EMI Claims Controversial Satriani/Coldplay Mashup Video Violates Coldplay Copyright

from the ironically-stupid dept

A few weeks ago, there was quite the lively discussion over a video mashing up Coldplay's song Viva La Vida with Joe Satriani's If I Could Fly. While the video had been on YouTube for quite some time, Satriani had decided to sue Coldplay over it, demanding all profits from its song. There are a number of reasons why this didn't make much sense, but folks in our comments did a fantastic job sniffing out the details -- including the fact that the video mashing up both videos had actually altered to make them sound alike, and if you listened to the originals, they were not nearly as close. They are in different tempos/keys to make them sound alike. That same user also pointed us to a Cat Stevens song Love/Heaven from (at least) 1973 that sounds quite similar as well, suggesting that if Coldplay owes Satriani any money, Satriani actually owes Cat Stevens quite a bit as well. Or there's the song Hearts by Marty Balin of Jefferson Starship... written in 1981. Or any of the other dozen or so songs that others have pointed out sound quite similar -- and if mixed professionally to change the tempo could probably sound like a pretty exact match.

Either way, it appears the story has now taken a turn towards the totally ridiculous, as EMI, who holds the copyright on Coldplay songs has gone around claiming copyright on the Satriani/Coldplay mashup videos that were out there. It is true that whoever put those videos together, did a really good job adjusting the two songs to make them work together. Because of that, many people hear the mashup and immediately assume that it's so close that Coldplay absolutely must have copied Satriani. But, there's little actual evidence to support that -- and, given that both songs were actually adjusted to make the video, it's quite misleading. Still, for EMI to then go and demand those videos be taken down (while leaving up plenty of other videos of just Coldplay's music) is just dumb. First of all, the mashup video is almost certainly fair use. It's used for criticism and/or reporting, and not for profit (well, unless you're Joe Satriani).

But, more importantly, in pulling down the video it makes it look like EMI and Coldplay have something to hide, while calling even more attention to the whole thing. It takes a special kind of short-sightedness to claim that a video supposedly demonstrating your own copyright violations violates your copyright. When the whole story first broke, Coldplay quickly denied any connection, saying that, if there were any similarities it was a coincidence. The band should have left it at that... or, if EMI were really smart (stop laughing), it should have produced a professional mashup of some of those other songs as well, demonstrating how common that particular melody is in music, and how one can distort a few songs to make them sound the same. Instead, it chose the worst option of all: acting guilty and abusing copyright law to try to hide stuff.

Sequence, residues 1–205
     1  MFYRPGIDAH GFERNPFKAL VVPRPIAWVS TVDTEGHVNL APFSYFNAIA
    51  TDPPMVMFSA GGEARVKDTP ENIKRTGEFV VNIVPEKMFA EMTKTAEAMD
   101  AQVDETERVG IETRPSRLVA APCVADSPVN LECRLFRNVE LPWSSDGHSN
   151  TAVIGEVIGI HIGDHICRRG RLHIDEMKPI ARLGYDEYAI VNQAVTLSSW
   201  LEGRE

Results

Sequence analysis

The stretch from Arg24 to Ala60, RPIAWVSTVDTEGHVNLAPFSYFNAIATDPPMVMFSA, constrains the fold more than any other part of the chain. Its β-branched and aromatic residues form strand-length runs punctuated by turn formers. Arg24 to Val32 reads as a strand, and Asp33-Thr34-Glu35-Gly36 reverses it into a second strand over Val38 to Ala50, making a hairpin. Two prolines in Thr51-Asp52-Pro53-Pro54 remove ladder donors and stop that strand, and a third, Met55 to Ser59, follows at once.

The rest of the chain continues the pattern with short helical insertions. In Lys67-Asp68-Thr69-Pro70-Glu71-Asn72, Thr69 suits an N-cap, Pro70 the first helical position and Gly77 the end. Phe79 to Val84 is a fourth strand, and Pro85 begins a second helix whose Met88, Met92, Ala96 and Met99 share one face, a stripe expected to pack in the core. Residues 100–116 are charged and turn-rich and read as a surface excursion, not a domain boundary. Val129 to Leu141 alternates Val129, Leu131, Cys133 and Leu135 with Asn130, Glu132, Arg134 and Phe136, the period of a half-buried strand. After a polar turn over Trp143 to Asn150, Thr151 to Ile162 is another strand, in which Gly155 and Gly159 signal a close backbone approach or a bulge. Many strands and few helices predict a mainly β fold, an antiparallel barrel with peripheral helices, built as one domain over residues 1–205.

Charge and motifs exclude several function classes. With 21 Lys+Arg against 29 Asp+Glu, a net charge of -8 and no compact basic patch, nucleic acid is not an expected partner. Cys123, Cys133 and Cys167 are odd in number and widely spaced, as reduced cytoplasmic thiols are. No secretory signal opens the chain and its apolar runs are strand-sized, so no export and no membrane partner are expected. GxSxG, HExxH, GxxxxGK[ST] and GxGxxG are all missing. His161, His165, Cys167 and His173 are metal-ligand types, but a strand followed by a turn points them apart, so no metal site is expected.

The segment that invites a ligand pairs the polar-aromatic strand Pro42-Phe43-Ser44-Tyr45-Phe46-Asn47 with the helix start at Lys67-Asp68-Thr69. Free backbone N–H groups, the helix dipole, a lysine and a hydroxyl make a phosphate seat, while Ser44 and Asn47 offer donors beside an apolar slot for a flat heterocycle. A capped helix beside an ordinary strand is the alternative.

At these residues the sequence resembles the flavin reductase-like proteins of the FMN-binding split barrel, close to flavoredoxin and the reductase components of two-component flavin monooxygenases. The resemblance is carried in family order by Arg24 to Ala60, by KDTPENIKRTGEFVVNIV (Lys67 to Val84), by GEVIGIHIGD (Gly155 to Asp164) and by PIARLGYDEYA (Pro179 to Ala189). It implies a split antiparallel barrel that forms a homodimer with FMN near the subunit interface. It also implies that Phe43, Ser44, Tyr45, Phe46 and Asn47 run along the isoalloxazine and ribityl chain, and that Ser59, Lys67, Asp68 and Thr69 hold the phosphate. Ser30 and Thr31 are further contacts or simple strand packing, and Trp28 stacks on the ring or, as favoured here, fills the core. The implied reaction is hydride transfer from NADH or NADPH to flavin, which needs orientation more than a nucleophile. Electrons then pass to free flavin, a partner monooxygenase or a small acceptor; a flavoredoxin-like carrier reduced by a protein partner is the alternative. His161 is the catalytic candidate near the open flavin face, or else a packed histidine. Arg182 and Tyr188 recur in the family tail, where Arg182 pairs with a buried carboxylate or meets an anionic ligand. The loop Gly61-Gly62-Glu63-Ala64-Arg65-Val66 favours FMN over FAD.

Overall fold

Filed Under: cat stevens, coldplay, copyright, fair use, joe satriani, mashup, music
Companies: emi

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  1. identicon
    Joe, 24 Dec 2008 @ 11:59am

    What about the math...

    "I feel this chap has got the nail on the head, as a keen musician there is no arguing that the songs are musically TOO similar to be different. "

    He may be a good music theorist, but he's not a lawyer or a mathematician. EVEN IF they are similar, the question is if they are SIGNIFICANTLY similar such that it is highly improbable that this is just a coincidence. What if the probability is such that any two songs within these two genres are one in 100000 that they will be as similar (with all MUSICAL notions taken into consideration). Then of the millions of songs created in the past 50 years there's bound to be coincidental similarity of songs. So it's a mathematicians job to take all musical notions into account and integrate this probability over n years and determine the probability that this could of happened eventually. Now I'm sure the math would be insane here, but based on the now 5 youtube songs that sound just as "similar" as Sat's it is not unreasonable that this could of happened by chance (YES WITH EVERY SINGLE MUSICAL ASPECT TAKEN INTO ACCOUNT, YES AS UNLIKELY AS YOU THINK IT IS). Indeed, it seems to happen all the time--people just have short memories. That, and there are enough intransigent coldplay haters who never actually thought about the aesthetics, the purpose of music, and so eschew the popular that this issue has got so much play.

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